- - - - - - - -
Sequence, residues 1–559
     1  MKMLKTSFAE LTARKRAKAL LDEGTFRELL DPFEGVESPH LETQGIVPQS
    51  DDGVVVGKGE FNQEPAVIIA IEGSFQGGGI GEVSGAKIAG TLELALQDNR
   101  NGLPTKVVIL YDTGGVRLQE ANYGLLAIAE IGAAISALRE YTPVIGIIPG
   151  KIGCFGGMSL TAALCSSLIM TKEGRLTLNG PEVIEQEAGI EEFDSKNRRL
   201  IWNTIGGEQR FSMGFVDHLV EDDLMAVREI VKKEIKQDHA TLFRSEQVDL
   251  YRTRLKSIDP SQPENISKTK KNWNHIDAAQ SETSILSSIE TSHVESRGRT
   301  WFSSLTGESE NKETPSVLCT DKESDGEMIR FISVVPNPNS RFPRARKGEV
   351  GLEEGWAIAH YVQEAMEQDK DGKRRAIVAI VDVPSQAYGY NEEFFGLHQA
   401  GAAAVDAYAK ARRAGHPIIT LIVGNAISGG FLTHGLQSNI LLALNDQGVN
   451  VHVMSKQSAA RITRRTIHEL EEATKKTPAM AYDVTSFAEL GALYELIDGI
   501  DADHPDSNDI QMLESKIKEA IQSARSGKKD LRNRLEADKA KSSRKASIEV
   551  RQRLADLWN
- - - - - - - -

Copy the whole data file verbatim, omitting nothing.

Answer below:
Sequence, residues 1–559
     1  MKMLKTSFAE LTARKRAKAL LDEGTFRELL DPFEGVESPH LETQGIVPQS
    51  DDGVVVGKGE FNQEPAVIIA IEGSFQGGGI GEVSGAKIAG TLELALQDNR
   101  NGLPTKVVIL YDTGGVRLQE ANYGLLAIAE IGAAISALRE YTPVIGIIPG
   151  KIGCFGGMSL TAALCSSLIM TKEGRLTLNG PEVIEQEAGI EEFDSKNRRL
   201  IWNTIGGEQR FSMGFVDHLV EDDLMAVREI VKKEIKQDHA TLFRSEQVDL
   251  YRTRLKSIDP SQPENISKTK KNWNHIDAAQ SETSILSSIE TSHVESRGRT
   301  WFSSLTGESE NKETPSVLCT DKESDGEMIR FISVVPNPNS RFPRARKGEV
   351  GLEEGWAIAH YVQEAMEQDK DGKRRAIVAI VDVPSQAYGY NEEFFGLHQA
   401  GAAAVDAYAK ARRAGHPIIT LIVGNAISGG FLTHGLQSNI LLALNDQGVN
   451  VHVMSKQSAA RITRRTIHEL EEATKKTPAM AYDVTSFAEL GALYELIDGI
   501  DADHPDSNDI QMLESKIKEA IQSARSGKKD LRNRLEADKA KSSRKASIEV
   551  RQRLADLWN